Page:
Ashton Applewhite

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Ashton Applewhite is a writer based in Brooklyn, NY, whose subjects range from family policy to science and technology. Since 2007 Applewhite has been writing about ageing and ageism at This Chair Rocks. During this period, she’s become a Knight Fellow, a New York Times Fellow, an Age Boom Fellow (Columbia University School of Journalism) and a fellow at the Yale Law School's Information Society Project. The voice of Yo Is This Ageist, Applewhite has been called an expert on ageism by the New York Times. Since 2012 Applewhite has been giving a talk called This Chair Rocks: How Ageism Warps Our View of Long Lives.

Applewhite is the author of Cutting Loose: Why Women Who End Their Marriages Do So Well and other books. Under the pseudonym Blanche Knott, she is the author of the Truly Tasteless Jokes series, the first volume of which was the biggest-selling mass-market book of 1983, and was the first woman to have four books on the New York Times best-seller list. Applewhite’s memoir “Being Blanche” was published in ''Harper’s magazine in June, 2011.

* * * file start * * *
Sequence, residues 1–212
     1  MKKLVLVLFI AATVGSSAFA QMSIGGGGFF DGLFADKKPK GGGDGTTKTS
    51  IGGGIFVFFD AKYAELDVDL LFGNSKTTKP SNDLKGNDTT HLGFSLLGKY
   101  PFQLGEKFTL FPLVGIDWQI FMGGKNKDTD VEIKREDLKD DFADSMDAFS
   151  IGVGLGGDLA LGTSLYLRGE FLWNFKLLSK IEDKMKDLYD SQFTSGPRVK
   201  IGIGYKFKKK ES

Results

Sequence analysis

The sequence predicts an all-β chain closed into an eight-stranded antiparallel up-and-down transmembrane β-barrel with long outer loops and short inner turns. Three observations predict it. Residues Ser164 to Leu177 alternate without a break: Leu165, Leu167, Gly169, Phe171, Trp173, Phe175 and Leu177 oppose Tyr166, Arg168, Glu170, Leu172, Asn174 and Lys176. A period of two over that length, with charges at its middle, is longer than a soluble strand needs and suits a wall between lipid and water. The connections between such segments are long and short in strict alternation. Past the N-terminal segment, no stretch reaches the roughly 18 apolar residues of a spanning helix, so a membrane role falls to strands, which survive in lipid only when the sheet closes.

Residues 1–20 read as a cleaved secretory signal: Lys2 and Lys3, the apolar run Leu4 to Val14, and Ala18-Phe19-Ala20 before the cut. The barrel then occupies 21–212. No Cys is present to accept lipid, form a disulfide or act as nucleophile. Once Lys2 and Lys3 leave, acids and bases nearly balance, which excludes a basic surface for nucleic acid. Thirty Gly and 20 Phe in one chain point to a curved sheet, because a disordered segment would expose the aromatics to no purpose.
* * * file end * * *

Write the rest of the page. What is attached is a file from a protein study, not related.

She is a liaison to the board of the Council on Contemporary Families and a staff writer at the American Museum of Natural History.

Further reading[edit]

  • Applewhite, Ashton. Cutting Loose: Why Women Who End Their Marriages Do So Well, New York: HarperCollins, 1997.
  • Applewhite, Ashton and Bernie S. Siegel. Thinking Positive: Words of Inspiration, Encouragement, and Validation for People with AIDS and Those Who Care for Them, New York: Fireside Books, 1995.
  • Applewhite, Ashton; Tripp Evans; and Andrew Frothingham. And I Quote (Revised Edition): The Definitive Collection of Quotes, Sayings, and Jokes for the Contemporary Speechmaker, New York: Thomas Dunne Books; Revised edition, 2003
  • Applewhite, Ashton. "Being Blanche: Coming Clean about Truly Tasteless Jokes", Harper's Magazine, June 2011, pages 65–67.

Span, Paula. (2012-09-04). “On Ageism and ‘Eastwooding”. New York Times. Retrieved 2012-12-01.

McDowell, Edwin (1990-11-19). "Many Houses Find Images Are Blurred". New York Times. Retrieved 2010-08-14.